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Heat boosts phthalate emissions from vinyl crib mattress covers

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Posted December 18, 2014
When warmed by sunlight or a body’s heat, vinyl covers for crib mattresses release more phthalates. Image credit: Valentina Powers via Flickr, CC BY 2.0.

When warmed by sunlight or a body’s heat, vinyl covers for crib mattresses release more phthalates. Image credit: Valentina Powers via Flickr, CC BY 2.0.

The U.S. banned some phthalates from children’s toys, but the plastic additives that have been associated with health problems are still common in other products children are exposed to. A new study has found evidence for one such possible exposure route for babies: vinyl crib mattress covers. Scientists report in ACS’ Environmental Science & Technology that as these covers warm up — for example, from contact with an infant — they emit more phthalates into the air.

Ying Xu and Yirui Liang note that previous studies have linked phthalates, which soften plastics, to potential health effects, including reproductive issues and an increased risk for asthma and allergies. In response, the U.S. Congress banned six kinds of phthalates from toys in 2008, and manufacturers have been turning to alternative plasticizers, which are different phthalates. But little is known about the toxicity of these replacements or whether they waft into the air infants breathe for 12 to 14 hours per day at potentially harmful levels. Xu and Liang decided to find out whether infants, who breathe in far more air (given their low body weight) than adults, might be getting exposed to high levels of alternative phthalates.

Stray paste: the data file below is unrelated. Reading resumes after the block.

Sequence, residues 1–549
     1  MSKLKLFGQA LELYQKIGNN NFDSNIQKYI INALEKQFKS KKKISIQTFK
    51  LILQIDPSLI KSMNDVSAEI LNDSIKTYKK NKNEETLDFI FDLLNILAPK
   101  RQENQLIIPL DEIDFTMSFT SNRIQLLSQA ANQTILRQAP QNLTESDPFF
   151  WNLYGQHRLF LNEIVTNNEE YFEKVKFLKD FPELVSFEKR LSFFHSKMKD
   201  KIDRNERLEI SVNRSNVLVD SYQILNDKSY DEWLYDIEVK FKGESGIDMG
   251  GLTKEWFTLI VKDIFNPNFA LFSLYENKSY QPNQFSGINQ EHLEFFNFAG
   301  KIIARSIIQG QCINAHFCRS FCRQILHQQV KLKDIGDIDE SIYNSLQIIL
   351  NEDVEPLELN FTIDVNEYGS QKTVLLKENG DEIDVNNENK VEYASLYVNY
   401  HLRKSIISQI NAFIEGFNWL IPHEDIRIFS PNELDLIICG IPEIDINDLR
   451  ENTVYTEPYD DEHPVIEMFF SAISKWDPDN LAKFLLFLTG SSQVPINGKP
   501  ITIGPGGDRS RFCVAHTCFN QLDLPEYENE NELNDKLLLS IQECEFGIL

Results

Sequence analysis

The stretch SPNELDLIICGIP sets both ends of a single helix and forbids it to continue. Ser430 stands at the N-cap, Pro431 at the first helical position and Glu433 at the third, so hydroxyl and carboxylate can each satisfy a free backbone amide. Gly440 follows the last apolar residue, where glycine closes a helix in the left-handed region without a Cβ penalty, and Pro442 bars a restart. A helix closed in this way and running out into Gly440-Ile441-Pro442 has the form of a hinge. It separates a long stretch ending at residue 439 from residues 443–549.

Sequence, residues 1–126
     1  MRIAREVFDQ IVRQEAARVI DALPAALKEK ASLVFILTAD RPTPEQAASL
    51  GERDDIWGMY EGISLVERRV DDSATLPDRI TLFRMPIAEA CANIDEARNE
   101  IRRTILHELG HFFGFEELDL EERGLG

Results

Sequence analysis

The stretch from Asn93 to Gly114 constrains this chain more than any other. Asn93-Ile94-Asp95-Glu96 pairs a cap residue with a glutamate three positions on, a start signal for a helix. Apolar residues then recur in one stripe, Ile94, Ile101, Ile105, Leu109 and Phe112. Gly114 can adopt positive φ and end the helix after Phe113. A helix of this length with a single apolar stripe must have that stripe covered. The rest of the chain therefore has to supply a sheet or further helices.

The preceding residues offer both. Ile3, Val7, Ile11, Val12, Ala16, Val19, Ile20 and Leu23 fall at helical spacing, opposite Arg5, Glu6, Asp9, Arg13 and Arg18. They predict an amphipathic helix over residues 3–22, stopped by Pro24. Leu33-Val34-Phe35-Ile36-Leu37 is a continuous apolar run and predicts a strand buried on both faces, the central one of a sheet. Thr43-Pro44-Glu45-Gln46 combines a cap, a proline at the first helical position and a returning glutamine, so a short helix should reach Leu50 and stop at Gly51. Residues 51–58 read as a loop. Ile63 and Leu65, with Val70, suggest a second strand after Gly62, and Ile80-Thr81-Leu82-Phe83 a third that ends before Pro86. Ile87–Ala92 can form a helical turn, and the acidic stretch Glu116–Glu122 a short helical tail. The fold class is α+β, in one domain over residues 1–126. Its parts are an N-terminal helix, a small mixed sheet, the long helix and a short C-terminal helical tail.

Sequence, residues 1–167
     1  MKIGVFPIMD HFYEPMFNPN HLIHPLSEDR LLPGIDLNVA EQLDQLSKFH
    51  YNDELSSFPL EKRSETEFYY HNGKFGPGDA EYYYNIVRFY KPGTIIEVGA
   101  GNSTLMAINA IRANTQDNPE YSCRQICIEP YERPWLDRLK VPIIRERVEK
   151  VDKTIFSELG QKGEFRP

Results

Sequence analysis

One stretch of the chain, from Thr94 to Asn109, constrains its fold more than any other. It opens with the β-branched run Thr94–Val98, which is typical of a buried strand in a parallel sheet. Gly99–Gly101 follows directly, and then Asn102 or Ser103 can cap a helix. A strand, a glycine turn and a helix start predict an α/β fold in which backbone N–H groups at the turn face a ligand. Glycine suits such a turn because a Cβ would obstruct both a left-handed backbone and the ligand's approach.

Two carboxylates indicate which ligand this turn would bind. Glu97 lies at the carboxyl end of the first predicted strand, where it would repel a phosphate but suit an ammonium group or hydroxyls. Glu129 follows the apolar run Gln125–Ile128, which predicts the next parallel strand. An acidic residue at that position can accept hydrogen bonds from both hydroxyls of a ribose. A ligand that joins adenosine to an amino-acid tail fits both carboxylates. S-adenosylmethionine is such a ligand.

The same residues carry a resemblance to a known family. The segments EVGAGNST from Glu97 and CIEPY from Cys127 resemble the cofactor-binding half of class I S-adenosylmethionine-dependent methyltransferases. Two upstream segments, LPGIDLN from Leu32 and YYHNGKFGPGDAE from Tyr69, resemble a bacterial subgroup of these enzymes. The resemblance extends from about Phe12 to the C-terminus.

The researchers tested the amounts of the alternative-phthalate plasticizers released from vinyl crib mattress covers at different temperatures and estimated how much of that the infants might breathe in. They found that, under warm conditions, the covers emitted significantly higher levels of phthalates that could cause a baby’s exposure to increase four-fold. They say the study is an essential first step to investigating the risk posed by these new phthalates.

Source: ACS

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